LEWISTON — For Celia Gould, “D.C.” does not stand for Dempsey Challenge. It means “defeat cancer.”

More than 13 years ago, she fought her own battle with breast cancer and won. She has been in remission ever since.

But on Sunday, she rode 25 miles in memory of her dear friend Hannah Sprague, who died of cancer in July.

“I wished for a miracle for Hannah and hoped she could join me in the survivors’ club, but she was destined for another path,” Gould wrote on her Dempsey Challenge fundraising page. “She taught us the importance of levity and to believe in one’s convictions. It was a joy and our pleasure to have known Hannah.”

Gould and hundreds of others from across Maine and beyond gathered Sunday at Simard-Payne Memorial Park for the second day of the 13th annual Dempsey Challenge. Participants had the choice of completing 25-, 50-, 60- or 100-mile bike rides, followed by an afternoon of food, craft beer, live music and a live viewing of the Patriots game on the big screen.

Not even the morning rain could dampen participants’ and volunteers’ spirits.

“My favorite part about doing this ride in the rain is everybody is still in a good mood. Nobody cares that it’s raining,” said Sandy Ward, a friend of Gould.

Ward has participated in the event every year since 2012.

Cindi Smith, the third member of their team, “Treasured Chests,” has a big reason for participating. She too rode in memory of Sprague, but also for several of her immediate family who are cancer survivors. Her mother, two of her sisters and her sister-in-law have beaten breast cancer. Her mother had also battled lung cancer and won.

“I do this for them,” she said.

Debbie Rancourt participated in the 5K run/walk Saturday and the 25-mile ride Sunday in honor of her cousin and best friend, Lynn Lenhert, who died of cancer earlier this year.

“If they can face the challenge of cancer, I can face the challenge of (these) two days,” Rancourt said.

Each year, the Dempsey Challenge bicycle ride draws many participants, from professional cyclists to people who have never done 25 miles in one ride.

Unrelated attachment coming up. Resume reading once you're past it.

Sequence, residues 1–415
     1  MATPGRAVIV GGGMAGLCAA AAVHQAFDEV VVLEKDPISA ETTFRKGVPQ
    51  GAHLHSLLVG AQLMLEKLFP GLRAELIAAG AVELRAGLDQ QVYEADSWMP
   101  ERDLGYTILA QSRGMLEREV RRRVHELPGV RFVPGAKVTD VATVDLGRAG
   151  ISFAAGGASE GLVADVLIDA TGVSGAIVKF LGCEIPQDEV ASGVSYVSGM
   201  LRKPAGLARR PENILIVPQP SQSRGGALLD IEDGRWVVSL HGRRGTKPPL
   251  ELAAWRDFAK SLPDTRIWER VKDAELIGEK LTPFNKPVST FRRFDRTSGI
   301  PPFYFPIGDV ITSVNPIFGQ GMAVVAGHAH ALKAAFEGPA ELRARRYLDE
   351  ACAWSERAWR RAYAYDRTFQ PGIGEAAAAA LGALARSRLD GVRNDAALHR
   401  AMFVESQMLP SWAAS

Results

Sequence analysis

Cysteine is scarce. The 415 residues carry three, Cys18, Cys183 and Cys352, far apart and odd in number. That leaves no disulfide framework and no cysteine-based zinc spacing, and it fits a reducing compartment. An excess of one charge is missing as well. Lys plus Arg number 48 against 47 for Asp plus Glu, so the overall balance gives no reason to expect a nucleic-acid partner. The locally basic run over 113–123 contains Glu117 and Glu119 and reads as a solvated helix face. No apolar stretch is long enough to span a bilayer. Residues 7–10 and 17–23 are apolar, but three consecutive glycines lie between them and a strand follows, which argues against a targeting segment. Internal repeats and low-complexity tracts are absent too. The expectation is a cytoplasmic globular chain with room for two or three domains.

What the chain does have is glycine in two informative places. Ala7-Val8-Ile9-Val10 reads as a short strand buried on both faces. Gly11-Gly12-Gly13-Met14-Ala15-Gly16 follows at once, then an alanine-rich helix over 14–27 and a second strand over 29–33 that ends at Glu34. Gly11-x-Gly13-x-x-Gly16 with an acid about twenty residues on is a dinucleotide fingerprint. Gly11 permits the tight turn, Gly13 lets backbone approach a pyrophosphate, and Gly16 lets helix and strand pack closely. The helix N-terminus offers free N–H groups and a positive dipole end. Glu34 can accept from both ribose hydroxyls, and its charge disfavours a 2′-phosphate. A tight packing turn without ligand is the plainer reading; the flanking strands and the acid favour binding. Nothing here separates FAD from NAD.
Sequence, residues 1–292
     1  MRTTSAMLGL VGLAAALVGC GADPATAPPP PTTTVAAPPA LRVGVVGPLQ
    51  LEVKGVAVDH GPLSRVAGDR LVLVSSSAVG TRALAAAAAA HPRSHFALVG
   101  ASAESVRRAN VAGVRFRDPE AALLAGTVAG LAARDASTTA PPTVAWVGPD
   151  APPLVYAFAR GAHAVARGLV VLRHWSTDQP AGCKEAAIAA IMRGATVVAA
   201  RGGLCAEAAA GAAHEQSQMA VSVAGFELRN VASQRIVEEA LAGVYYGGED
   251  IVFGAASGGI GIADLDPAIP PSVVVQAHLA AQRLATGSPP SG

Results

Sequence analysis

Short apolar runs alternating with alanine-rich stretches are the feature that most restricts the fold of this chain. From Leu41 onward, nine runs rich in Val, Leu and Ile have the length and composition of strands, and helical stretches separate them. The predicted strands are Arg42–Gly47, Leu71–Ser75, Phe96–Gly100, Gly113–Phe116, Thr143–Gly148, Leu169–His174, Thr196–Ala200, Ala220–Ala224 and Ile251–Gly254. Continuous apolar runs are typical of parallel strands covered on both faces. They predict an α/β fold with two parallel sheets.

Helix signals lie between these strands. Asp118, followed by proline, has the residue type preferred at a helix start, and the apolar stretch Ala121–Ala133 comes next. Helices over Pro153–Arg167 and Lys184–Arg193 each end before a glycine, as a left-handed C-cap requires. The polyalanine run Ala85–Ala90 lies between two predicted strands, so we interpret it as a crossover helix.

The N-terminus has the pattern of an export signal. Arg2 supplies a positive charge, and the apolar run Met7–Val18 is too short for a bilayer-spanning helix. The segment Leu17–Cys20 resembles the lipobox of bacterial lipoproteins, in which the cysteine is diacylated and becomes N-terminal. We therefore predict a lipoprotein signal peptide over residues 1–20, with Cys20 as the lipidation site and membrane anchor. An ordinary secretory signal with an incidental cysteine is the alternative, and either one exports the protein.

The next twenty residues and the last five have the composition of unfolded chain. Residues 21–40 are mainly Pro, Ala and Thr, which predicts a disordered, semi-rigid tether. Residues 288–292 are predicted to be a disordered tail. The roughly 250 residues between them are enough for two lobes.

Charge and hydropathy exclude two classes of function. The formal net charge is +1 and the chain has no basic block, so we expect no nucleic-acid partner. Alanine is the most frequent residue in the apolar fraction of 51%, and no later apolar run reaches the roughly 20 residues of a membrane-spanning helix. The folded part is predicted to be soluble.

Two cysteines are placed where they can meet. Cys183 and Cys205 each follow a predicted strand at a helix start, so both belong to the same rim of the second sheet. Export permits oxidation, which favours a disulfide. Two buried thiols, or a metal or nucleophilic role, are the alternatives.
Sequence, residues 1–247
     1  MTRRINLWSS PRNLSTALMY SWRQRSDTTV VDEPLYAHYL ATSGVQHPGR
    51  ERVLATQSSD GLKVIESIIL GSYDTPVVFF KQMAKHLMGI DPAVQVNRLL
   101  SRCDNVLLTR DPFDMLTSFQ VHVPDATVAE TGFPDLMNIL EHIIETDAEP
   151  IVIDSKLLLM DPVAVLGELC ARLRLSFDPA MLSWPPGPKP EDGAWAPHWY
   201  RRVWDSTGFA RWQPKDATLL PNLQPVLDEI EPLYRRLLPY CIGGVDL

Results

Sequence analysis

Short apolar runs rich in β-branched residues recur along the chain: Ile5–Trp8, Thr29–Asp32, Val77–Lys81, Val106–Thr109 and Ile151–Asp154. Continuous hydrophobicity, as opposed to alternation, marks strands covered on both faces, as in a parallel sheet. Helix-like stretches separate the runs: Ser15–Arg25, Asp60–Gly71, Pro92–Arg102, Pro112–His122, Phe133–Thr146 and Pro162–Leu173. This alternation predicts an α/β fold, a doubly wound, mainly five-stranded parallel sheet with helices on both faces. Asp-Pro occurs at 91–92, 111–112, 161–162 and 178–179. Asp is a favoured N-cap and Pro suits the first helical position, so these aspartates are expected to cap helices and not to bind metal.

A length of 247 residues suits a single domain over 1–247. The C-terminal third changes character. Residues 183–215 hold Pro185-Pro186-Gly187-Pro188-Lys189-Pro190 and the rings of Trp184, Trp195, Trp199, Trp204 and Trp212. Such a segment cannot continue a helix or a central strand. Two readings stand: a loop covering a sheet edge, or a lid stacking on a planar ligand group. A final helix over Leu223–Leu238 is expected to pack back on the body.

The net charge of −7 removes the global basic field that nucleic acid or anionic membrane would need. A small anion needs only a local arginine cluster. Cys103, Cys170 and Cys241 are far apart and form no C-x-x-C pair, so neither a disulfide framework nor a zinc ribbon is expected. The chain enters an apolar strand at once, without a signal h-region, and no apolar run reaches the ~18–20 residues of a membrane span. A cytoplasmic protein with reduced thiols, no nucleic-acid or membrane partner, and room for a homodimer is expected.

This year was Charlie Cianciolo’s first participating in the Dempsey Challenge. Months ago, someone close to him was diagnosed with a rare form of cancer. Since then, several members of his family have turned to the Dempsey Center for help.

“The Dempsey Center has been fantastic with helping my family members get through some of the things they’re going through and offering support,” Cianciolo said. “That’s what brings me here: Just to make sure I can do my part because of how expensive it is to treat everything, and just make sure people are getting free supports that they need.”

At the afternoon award ceremony Saturday, Patrick Dempsey announced this year’s Dempsey Challenge had raised a record $1.3 million for the Dempsey Center. Thanks to donations from corporate sponsors, all of the money will go to the center.

More than 1,000 people either walked or ran a 5K or 10K on the first day of the Dempsey Challenge.

The Dempsey Challenge is the primary fundraiser for the Dempsey Center, a nonprofit organization based in Lewiston and South Portland that provides no-cost services, such as  fitness classes, massages and counseling, to cancer patients and their families.

Although the 2021 Dempsey Challenge weekend ended Sunday, fundraising will continue into October in an effort to reach the $1.5 million goal.

Loren Goodridge, chief executive officer of Aroma Joe’s, said people can also support the Dempsey Center by grabbing a free coffee from Aroma Joe’s this Wednesday in celebration of National Coffee Day. For every coffee given away, the company plans to donate $1. The donations are in addition to all of the proceeds earned from Aroma Joe’s food truck at the Dempsey Challenge weekend.

For more information on the Dempsey Challenge or the work of the Dempsey Center in Lewiston, visit dempseycenter.org.

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